Today I want to talk about self care for adoptive, and really for ALL parents. This is one of the hardest things for us as parents, isn't it? It's the story told again and again about the moms who ALWAYS put everyone else's needs ahead of their own and they wind up incredibly unhealthy and stressed out, but hey, at least their kids are happy. Right? Wrong.
Wounded Children Healing Homes refers to the airline rule about putting on your own oxygen mask before you put on your child's. But we don't do this in real life, do we? We put all of our effort and energy into helping our children heal and attach and flourish, but all the while, we are on the edge of the edge ourselves.
Chris and I are trying to get better at self care. We are realizing more and more that we are much better parents when we are rested, when we are not at the absolute limit of our stress levels, when we get breaks, when we have people to vent with; when we take care of ourselves. We have much more patience and energy to do this hard parenting we've chosen.
Here are a few ways we are working in self care lately. I hope something on this list resonates with you!
1. Adoptive Parent Support Group: This is not so important to Chris, but it is very important to me. We have a fantastic support group in Visalia that is run through Reach. They meet once a month for new/waiting adoptive families and once a month for adoptive families that are further along in process. I stopped going for a long time because Chris works evenings. Last week, I took advantage of the free child care they provide and my kids did really well. We made it a fun evening by grabbing some frozen yogurt on our way! I really need that time to connect with other people who "get it."
2. Realize you are not the source of your child's problems. This is from the above mentioned book and it has really blessed me. I easily fall into guilt over every little screw up I make with my kids. I begin to convince myself that I have forever damaged my kids and compounded whatever happened to them before they came to me. It is so helpful for me to remind myself that I will never hurt them the way their birthfamilies did, and my failures will not permanently scar them.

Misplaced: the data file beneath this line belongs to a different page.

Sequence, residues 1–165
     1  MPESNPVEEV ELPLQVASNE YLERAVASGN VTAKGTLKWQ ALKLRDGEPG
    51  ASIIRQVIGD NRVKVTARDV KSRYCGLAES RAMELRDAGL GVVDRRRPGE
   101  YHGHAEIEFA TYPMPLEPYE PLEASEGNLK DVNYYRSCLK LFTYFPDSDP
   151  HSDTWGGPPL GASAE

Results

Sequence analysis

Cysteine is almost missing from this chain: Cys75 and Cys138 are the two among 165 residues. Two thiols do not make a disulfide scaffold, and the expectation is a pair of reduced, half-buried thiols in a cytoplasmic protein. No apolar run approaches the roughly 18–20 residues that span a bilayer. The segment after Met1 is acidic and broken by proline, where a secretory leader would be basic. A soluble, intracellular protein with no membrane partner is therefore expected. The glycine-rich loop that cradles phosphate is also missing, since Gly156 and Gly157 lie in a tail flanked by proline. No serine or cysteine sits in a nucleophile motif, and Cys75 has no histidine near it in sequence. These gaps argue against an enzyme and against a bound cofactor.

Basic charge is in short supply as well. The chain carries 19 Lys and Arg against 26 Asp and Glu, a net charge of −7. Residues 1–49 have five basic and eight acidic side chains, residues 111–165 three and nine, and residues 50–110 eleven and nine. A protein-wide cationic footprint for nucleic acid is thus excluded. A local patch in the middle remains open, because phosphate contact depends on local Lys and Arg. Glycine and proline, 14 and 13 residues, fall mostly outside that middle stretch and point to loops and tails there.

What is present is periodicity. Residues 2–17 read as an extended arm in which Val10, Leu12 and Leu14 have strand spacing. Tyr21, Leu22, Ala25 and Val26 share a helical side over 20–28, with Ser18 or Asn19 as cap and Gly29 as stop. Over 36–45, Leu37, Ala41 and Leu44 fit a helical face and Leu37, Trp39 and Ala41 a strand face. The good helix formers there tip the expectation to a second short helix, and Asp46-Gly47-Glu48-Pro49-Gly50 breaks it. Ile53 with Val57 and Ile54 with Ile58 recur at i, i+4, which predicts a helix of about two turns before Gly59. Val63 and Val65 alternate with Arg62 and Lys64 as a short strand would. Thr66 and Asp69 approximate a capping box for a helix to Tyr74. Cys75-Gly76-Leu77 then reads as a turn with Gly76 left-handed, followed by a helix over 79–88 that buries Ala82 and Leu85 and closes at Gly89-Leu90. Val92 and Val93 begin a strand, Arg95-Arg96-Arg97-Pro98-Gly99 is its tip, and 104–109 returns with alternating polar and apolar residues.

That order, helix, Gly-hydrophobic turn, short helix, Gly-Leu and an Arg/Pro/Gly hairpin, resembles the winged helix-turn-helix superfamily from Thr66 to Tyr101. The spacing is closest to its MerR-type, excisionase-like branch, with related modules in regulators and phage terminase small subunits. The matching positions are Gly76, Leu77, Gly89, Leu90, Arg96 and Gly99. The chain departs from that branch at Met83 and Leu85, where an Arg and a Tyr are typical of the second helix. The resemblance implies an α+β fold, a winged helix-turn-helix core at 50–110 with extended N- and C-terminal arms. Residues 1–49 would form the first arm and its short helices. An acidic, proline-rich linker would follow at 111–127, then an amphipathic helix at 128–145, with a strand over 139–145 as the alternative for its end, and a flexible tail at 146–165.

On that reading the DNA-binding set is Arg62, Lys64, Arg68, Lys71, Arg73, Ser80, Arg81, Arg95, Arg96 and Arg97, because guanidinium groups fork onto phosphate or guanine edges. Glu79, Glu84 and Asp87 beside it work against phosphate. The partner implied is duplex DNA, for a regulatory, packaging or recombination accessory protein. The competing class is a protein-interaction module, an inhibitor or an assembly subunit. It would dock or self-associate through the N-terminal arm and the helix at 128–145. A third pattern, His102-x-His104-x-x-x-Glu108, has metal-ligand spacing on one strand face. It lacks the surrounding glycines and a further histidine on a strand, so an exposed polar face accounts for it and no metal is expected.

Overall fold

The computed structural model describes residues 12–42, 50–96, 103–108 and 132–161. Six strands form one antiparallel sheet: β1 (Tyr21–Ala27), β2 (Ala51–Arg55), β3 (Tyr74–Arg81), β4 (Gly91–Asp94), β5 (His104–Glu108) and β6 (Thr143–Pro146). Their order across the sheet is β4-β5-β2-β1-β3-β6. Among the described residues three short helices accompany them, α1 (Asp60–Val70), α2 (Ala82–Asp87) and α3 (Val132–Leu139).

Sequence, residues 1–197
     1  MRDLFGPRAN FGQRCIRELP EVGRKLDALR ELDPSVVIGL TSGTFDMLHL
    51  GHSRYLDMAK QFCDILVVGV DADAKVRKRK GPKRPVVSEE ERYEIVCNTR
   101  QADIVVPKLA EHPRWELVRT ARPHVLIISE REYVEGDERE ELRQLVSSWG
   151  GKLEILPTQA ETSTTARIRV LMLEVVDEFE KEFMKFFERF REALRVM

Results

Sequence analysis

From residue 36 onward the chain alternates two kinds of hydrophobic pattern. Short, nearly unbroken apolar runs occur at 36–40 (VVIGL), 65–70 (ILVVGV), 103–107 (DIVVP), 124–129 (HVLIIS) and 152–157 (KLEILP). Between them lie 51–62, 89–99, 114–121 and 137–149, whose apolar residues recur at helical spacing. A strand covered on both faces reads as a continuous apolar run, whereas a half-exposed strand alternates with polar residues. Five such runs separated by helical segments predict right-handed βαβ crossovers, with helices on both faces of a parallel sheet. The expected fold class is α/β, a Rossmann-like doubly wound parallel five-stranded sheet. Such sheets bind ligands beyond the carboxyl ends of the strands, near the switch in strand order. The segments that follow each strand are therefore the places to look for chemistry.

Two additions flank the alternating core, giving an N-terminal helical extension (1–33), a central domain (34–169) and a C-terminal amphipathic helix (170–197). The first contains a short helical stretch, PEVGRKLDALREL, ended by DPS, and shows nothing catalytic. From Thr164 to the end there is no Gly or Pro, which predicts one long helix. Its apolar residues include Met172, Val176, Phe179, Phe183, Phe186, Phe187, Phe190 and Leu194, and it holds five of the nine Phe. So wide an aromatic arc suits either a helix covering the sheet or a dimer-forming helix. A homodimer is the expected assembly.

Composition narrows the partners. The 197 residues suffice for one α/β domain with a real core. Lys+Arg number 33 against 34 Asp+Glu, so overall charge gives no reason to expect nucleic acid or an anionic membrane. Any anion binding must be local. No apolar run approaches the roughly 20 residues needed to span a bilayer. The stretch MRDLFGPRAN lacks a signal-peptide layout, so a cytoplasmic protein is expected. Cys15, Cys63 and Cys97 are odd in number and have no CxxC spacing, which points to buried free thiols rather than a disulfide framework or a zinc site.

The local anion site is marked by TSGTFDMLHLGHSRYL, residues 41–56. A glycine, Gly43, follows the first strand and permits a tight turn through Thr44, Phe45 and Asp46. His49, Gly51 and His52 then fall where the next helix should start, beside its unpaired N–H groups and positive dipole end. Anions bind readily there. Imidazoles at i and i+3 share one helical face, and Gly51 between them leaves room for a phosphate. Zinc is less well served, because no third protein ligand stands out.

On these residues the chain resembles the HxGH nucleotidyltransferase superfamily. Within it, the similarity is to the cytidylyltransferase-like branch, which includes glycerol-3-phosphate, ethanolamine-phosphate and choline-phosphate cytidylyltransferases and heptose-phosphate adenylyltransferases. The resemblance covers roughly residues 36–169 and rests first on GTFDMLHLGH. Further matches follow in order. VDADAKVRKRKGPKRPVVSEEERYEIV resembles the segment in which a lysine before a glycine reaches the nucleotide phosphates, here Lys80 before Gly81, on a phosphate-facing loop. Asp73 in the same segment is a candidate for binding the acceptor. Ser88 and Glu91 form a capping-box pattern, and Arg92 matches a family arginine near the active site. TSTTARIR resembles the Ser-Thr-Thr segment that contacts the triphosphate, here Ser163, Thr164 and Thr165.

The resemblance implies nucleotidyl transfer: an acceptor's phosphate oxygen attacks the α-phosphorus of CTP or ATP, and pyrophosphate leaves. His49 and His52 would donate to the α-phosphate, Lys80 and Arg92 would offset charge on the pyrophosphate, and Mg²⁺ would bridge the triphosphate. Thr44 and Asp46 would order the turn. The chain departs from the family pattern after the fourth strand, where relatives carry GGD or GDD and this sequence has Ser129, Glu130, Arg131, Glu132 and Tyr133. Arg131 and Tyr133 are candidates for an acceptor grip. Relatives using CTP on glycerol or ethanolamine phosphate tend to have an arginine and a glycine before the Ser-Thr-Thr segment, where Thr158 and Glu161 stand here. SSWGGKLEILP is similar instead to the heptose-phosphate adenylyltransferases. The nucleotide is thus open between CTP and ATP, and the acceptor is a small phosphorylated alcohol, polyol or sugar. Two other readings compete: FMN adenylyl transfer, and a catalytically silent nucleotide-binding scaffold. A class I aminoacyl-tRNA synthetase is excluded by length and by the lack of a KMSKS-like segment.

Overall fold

3. Work Out. I stop working out when life gets busy and stressful. Yet I need this outlet for stress, I need the energy and overall health that regular exercise provides. This is an important way to take care of ourselves as parents. I'm really trying to work out 2 or 3 days each week.
4. Use Babysitters! I am blessed to have free babysitters as we live by my parents and Chris's parents. Even if you don't, find someone in your life who can provide you with an occasional break. Maybe you even trade services and watch each others' kids regularly. In the past, Chris and I have tried to just give each other breaks, but then it's just the same 2 tired parents swapping out. It really helps us to both have a break together regularly. We are trying to use a babysitter once a week, and an overnight babysitter once a month.
5. Tag Team! We also give each other breaks. J-Man's therapist had suggested Chris and I have regular scheduled breaks that we can look forward to. So we each have a morning every week that is our scheduled break while the other parent handles the kids. I might just lay in my bedroom and watch tv, or I might head to Starbucks, or do some shopping. The main point is that I know every Friday morning, I am going to get a break and that helps me through the rest of the week.
6. Spiritual Nourishment. I am trying to get better about reading my Bible every day. It's important to me to take care of my soul as well as my body.
How about you? How do you take care of yourself as a parent, adoptive or not? I'd love to hear some comments!